One of the many concerns an online business or retailer may have is where to pay taxes.
Many years ago and before the vast proliferation of technology, business owners paid taxes in the states they were established and operated in, based on the physical presence rule. Therefore, the equation is simple: you operate in state X —–you will pay taxes in this state period.
But what about today?
One of the first eye-opener events that led business owners to question the place where they are liable for taxes was the “South Dakota Vs. Wayfair” lawsuit where the economic nexus was brought.
Businesses no longer pay taxes in the place they operate exclusively but have to pay taxes in other states even if no physical presence or operations were conducted there.
So, how does this really happen?
Basically, this economic nexus affects a lot of retailers and online businesses, but how? Does this mean every online business selling in a state should pay taxes and, more specifically, sales tax?
At first glance, this means illogical, like what I sell a couple of things in Alabama, for example, and therefore I should pay sales tax?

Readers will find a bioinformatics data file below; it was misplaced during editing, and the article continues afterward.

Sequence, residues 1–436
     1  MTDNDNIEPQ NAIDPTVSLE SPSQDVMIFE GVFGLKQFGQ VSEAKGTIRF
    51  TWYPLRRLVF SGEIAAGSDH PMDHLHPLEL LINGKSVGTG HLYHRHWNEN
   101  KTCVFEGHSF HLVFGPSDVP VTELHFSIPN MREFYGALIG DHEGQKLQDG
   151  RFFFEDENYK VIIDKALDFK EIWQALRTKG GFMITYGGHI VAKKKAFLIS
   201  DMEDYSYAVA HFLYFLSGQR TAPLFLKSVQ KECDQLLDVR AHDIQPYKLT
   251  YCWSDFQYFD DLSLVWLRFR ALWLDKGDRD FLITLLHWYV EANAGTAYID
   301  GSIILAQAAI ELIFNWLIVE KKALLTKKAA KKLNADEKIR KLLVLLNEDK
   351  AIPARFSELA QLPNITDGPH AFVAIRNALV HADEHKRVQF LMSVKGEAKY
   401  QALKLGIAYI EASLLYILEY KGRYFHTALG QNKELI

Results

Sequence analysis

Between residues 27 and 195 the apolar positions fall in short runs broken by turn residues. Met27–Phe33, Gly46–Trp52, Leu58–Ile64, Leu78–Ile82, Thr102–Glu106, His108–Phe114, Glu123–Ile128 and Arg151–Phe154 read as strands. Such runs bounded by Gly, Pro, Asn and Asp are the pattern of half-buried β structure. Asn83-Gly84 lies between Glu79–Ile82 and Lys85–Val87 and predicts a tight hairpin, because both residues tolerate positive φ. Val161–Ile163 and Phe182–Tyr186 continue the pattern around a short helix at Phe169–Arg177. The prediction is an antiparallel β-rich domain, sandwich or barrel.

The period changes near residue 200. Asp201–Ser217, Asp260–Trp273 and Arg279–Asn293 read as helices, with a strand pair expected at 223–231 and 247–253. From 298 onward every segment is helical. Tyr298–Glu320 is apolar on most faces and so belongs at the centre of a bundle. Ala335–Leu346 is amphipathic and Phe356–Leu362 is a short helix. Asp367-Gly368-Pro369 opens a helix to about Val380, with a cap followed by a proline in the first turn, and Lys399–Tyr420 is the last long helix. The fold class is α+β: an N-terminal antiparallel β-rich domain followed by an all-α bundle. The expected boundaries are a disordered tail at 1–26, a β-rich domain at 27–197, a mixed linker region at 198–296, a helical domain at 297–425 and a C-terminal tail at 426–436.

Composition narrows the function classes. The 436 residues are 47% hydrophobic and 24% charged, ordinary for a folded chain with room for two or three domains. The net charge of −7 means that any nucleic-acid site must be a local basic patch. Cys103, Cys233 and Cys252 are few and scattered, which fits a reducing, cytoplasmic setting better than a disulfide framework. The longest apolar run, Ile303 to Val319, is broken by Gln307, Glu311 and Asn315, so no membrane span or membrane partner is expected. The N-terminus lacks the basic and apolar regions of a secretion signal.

Of course not. The sales tax is governed and regulated in each state. Every state has its own rules when it comes to taxes.
Sales tax nexus is imposed whenever there is a link between the entity you are operating from and the taxing state you are selling in.
This leads to when this link between the retailer or online store is built with the taxing state and therefore will be liable to pay sales tax?
As we previously mentioned, every state has its own rules. Still, as a standard rule or a global outlook, the sales tax nexus exists whenever a business has more than 200 customers or made 100,000$ in sales in a state. For this reason, if a state has 300 customers in a state, it has to pay sales tax in this state because there is an economic nexus even if the business has no physical presence or operates its business there.
In addition to the taxes that a business has to pay where it is physically located and operates, it has to take into account the economic nexus. Whether it is accountable for sales tax in certain states, it is selling in. At first, it may sound simple and easy for certain businesses where they sell in one or two states. But what about retailers who sell in many states and have the economic nexus, and therefore have to register and file taxes? This operation can be very heavy on the business and distracting. For this reason, we advise you to visit lexyom.com and book an online consultation with a lawyer to guide you through the process.